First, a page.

Scuba diving off the Mediterranean island of Cyprus may not be on your top 10 list of best locations in the world, but do not underestimate its exotic beauty. Visibility is not a problem- reaching around 100 feet or better - nor is the water temperature.
The waters of the Mediterranean around Cyprus reach about 80 degrees F or higher in July. There are countless wreck dives, both modern and ancient, and ancient settlements and artifacts off its coast that are worth exploring.
You can enjoy diving off Cyprus year round; in the winter months of November through March you may be more comfortable in a dry suit, with water temperatures dropping to around 65 degrees F.
This is a place of ancient ruins, ancient ways, and unfortunately, ancient wars. However, Cyprus is considerably safer to travelers than most of the hyped-up news media would have the average tourist believe.
There are many caves, walls, and reefs that line the jagged coast of Cyprus. The eastern shore has many established dive sites, as does Larnaca and Protaras, north of Larnaca Bay. Scuba divers can explore the famous wreck of the Zenobia in Larnaca Bay and, with any luck, come across ancient stone anchors and amphoras (a container used to measure bulk or liquids in Roman times), dating back as far as 400 BC.
Also, if you are lucky, you will drift over an ancient artifact that human eyes have not held for hundreds of years. There is a strict policy to ‘look and don't touch’ artifacts, and the local dive instructors, ship captains, and the Cyprus Government take this concept very seriously.
The climate is typical of Mediterranean islands; warm and dry with clear starry nights, and brilliant blue skies in the day. The winters are mild and great for getting away from the harsh northern winters.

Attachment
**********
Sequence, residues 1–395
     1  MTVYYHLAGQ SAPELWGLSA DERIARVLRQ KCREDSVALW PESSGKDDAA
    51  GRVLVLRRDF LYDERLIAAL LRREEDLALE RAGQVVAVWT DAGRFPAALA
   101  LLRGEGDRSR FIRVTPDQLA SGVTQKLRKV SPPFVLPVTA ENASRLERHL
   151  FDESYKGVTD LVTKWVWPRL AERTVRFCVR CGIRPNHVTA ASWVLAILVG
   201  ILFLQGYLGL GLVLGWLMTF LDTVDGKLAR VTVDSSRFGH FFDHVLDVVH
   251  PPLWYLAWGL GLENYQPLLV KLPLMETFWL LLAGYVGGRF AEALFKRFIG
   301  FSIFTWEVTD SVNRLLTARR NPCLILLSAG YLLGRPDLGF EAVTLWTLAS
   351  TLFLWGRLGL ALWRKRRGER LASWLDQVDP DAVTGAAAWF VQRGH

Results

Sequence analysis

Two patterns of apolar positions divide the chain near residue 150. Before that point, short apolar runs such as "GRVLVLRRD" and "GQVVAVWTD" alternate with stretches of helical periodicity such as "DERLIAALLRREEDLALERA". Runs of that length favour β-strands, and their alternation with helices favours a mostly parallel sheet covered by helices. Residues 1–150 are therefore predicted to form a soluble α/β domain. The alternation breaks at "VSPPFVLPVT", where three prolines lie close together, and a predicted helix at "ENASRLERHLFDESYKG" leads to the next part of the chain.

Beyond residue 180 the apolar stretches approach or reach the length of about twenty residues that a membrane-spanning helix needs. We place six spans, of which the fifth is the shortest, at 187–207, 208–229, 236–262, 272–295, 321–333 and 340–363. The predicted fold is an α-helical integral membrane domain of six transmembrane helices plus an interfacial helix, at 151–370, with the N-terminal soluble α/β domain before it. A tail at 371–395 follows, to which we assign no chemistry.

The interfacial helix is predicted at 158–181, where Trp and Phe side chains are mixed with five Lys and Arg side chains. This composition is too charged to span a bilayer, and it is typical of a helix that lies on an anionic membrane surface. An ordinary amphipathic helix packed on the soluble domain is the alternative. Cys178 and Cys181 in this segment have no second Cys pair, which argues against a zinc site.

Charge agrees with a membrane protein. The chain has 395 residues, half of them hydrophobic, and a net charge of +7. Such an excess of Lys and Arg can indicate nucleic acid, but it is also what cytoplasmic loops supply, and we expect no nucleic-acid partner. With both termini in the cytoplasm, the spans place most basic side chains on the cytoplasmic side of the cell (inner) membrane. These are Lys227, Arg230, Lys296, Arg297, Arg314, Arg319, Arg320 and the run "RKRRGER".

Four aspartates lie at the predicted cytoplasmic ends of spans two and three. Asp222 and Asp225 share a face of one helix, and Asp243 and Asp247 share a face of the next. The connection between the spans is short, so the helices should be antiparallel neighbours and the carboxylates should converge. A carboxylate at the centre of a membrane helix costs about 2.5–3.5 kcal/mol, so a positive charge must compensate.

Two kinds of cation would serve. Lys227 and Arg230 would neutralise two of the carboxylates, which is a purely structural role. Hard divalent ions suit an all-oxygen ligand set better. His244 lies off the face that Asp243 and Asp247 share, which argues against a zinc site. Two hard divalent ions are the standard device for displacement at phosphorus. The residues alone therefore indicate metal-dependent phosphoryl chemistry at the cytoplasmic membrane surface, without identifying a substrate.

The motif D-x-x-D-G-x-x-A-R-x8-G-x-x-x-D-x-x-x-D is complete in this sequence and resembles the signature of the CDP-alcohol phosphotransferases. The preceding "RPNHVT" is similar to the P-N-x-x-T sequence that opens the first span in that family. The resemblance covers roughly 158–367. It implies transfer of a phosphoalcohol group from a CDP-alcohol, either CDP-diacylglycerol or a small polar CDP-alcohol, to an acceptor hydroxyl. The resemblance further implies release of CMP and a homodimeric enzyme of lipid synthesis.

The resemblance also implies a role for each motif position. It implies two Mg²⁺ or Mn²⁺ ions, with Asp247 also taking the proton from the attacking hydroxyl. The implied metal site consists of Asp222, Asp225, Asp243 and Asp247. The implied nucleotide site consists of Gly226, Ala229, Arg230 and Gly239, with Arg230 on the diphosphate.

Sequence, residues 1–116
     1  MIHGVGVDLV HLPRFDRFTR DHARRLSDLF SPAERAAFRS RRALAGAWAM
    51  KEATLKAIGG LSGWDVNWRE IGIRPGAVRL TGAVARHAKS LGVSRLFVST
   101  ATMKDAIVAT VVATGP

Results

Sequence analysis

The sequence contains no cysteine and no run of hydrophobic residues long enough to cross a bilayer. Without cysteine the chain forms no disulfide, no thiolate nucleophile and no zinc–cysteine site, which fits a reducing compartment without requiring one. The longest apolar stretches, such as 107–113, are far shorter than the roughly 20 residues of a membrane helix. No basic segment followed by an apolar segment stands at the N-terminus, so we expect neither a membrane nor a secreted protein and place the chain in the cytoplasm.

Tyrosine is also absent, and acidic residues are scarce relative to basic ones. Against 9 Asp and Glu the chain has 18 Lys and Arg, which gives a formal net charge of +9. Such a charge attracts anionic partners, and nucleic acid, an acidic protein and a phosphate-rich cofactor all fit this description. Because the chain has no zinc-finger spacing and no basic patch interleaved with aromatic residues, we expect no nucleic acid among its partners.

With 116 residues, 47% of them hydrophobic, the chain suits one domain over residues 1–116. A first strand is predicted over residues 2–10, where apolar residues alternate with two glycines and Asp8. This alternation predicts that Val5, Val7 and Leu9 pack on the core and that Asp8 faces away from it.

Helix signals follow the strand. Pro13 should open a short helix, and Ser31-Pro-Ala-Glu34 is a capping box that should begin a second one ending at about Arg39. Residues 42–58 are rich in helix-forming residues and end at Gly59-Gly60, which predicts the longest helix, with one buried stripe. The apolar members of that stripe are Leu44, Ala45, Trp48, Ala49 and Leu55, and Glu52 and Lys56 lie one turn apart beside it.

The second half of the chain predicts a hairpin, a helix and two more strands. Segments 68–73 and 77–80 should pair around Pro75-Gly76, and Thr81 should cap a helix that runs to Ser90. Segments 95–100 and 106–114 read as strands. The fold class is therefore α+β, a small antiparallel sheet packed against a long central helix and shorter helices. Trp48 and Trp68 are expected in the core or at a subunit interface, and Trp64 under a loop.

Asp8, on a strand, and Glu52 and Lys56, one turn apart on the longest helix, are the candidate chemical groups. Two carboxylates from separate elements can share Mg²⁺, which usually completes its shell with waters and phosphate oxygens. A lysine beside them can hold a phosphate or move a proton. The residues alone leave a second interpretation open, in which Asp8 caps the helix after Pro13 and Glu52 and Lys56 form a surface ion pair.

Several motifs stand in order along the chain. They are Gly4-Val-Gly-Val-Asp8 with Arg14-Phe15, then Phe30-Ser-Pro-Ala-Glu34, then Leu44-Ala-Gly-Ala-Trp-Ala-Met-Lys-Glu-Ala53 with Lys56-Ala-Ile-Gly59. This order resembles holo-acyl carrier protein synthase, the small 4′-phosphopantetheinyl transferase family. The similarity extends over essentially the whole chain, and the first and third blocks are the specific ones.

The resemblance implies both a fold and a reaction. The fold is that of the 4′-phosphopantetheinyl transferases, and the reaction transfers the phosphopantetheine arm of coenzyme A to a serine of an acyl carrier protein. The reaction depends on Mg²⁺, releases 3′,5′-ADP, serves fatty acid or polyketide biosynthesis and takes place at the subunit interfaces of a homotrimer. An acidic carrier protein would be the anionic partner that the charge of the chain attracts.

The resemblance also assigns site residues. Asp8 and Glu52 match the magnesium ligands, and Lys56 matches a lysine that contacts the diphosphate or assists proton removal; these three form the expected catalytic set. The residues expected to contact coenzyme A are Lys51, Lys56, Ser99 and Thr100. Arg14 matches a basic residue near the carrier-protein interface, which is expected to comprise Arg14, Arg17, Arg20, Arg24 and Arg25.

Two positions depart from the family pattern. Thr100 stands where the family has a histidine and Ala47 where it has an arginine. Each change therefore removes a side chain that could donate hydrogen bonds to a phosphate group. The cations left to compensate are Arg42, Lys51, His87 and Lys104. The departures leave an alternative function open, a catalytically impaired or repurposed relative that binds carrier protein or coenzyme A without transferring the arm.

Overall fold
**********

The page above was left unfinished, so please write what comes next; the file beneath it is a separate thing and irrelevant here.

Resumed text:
There are many resorts, hotels, and great restaurants in most villages- a great mix of Mediterranean and Middle Eastern cuisine. There are many tourist opportunities especially along the seaboard. English is widely spoken throughout the island.
Cyprus is a great place for beginner scuba divers to really get their fins wet in an exotic location that offers mild waters temps, clear water, and relatively weak currents in many places. Cyprus is also a great place to explore wreck diving and get practice or certification at some of the best wreck dives, accessible in less than 100 feet of water.
The wreck of the ferryboat Zenobia is a classic and popular dive site in Cyprus. The Swedish vessel sank just 10 miles from Larnaca's busy fishing harbor on the southern coast of Cyprus, and has a strange story worth investigating.
The Zenobia is often referred to as one of the top wreck dives in the Mediterranean and around the world. This is due to its relatively shallow depth (50 feet), ideal for recreational scuba diving, and the way the 584 feet long boat is lying on her side, accessible and easy to explore. Zenobia sank on her maiden voyage in June of 1980. Her cargo is still scattered around the wreck and is a favorite of her scuba fans.
Another wreck dive worth exploring is The Champagne Wreck, also found in Larnaca's harbor not far out from the Zenobia. The Champagne is a Russian Yacht perfect for training dives and home to small marine residents such as Moray eels that live in the boat’s funnels.
Along the northwest coast of Cyprus, the mainland points out into the Mediterranean Sea, as pointy Akamas Peninsula. Off the tip, called Cape Arnauti, is the island of Mazaki, and looking east towards the mainland is the vast Chrysochou Bay.
There is a dive site known as St Georges Island Wall, where beginners and advanced divers enjoy descending along a wall that flattens out into seabed at a depth of around 100 feet. The visibility in this remote location is exceptional, ranging from 65-100 feet.
The peninsula itself and the surrounding waters is a park called the Akamas Marine Reserve. Marine life here is more abundant, relative to most of the rest of Cyprus. While diving in Akamas Marine Reserve, there is a good possibility that you will swim with Green and Loggerhead sea turtles, large black grouper, and barracuda, to name a few of the common underwater inhabitants.
Along the eastern coast you will find Pissouri Bay, home to the dive site Jubilee Shoals. This world-class dive site offers a wall that drops to 200+ feet, and there lies what is left of an airplane that crashed years ago. This dive site is excellent for advanced and technical scuba divers and offers good-to-great visibility.
Traveling north from Pissouri Bay along the eastern shore of Cyprus is a great length of shoreline, ideal for scuba and offering many established dive sites. The dive sites are basically due east of the town of Peyia.